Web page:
Nicole Pilcher looks at the latest stories to get tongues wagging in the world of food and drink…
U.S Gets a Taste of Nigella
Nigella Lawson looks set to crack the states through new American TV show The Taste. Viewers enjoyed her witty humour and gave her a warm reception on arrival at the studios, despite her decision not to let ABC airbrush her tummy for their billboards (the very thought of it!)
Honey, They Shrunk The Food!
Thanks to the recession, it seems the weight of packaged foods is diminishing while prices stay put. John West tuna has gone from 130g to 112g, Dairy Milk bars from 49g to 45g and Quality Street have slimmed down their tins, which once were a hefty 1kg but now weigh in at 820g. Apparently, manufacturers are also swapping quality for quantity without advertising their new ingredients to consumers. According to experts, we British care less about the nutritional content and value of food than our European counterparts, leaving manufacturers free to pull the wool over our eyes.
Of course, with the weekend came Burns night – the Scottish celebration of poet Robert Burns’ life – and so did many a splendid supper, as well as discussions about haggis and its versatility as an international ingredient. We were intrigued by its applications within Indian cuisine – samosas, bhajis and many other Indian specialities, by all accounts. Recipes for vegetarian haggis were popping up all over foodie forums, too!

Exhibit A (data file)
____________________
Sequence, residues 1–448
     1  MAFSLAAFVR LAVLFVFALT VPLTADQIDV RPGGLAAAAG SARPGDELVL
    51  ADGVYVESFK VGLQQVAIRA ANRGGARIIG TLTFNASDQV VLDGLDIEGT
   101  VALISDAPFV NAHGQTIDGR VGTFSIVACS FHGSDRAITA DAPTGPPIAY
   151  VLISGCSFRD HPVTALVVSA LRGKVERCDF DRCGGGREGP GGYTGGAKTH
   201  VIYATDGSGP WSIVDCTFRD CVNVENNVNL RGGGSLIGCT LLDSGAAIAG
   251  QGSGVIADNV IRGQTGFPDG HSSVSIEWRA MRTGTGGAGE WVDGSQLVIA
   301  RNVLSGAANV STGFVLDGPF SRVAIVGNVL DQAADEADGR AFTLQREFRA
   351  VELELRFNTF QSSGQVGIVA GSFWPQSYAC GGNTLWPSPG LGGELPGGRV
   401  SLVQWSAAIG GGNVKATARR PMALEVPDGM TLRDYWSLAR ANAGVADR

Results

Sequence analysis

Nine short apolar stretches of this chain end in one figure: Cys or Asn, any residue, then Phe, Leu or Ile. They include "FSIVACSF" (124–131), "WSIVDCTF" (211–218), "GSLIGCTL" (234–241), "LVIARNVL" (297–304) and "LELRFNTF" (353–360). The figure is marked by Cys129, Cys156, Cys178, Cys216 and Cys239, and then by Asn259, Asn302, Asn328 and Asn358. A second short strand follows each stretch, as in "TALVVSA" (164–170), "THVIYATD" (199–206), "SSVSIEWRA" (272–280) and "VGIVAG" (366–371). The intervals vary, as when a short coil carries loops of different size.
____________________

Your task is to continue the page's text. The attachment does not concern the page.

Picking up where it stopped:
As part of the Labour party’s call for responsible deals with food manufacturers, soft drink giants Ribena and Lucozade have agreed to reduce the sugar content of their calorific commodities by up to 10%. In a bid to improve the nation’s health, major supermarkets have also committed to removing artificial trans fats and many fast food outlets are now clearly displaying the calorie contents of their products.
This widely debated topic has had tongues wagging most furiously. With many experts suggesting that the horse DNA found in Tesco burgers was from injured or sick animals, talk has turned to why the supermarket thought it was acceptable to entertain any such idea in the first place. Again, the British public’s ‘lack of concern’ over quality and nutritional intake is being blamed.
Cruelty to Crustaceans
New research has shown that lobsters and crabs do, in fact, feel pain. Simple research into classical conditioning has shown that after being given a small electric shock, crabs were able to remember the unpleasant experience for next time, and sought other hiding places to avoid the pain. The usual method of cooking crustaceans in restaurants – ie. boiling them alive – is now in question. Slightly more humane methods (such as slicing their heads off) are now being championed. Hmmm.
A Fishy Fix
Two and a half years ago, mackerel was considered a sustainable source of seafood. Robust enough in number to become an increasingly popular feature of restaurant and chip shop menus, the super-nutritious fish looked set to become much more of a dietary staple for Brits. However, greedy over-fishing and a feud over mackerel quotas between Norway and the EU has left our supplies rather sparse.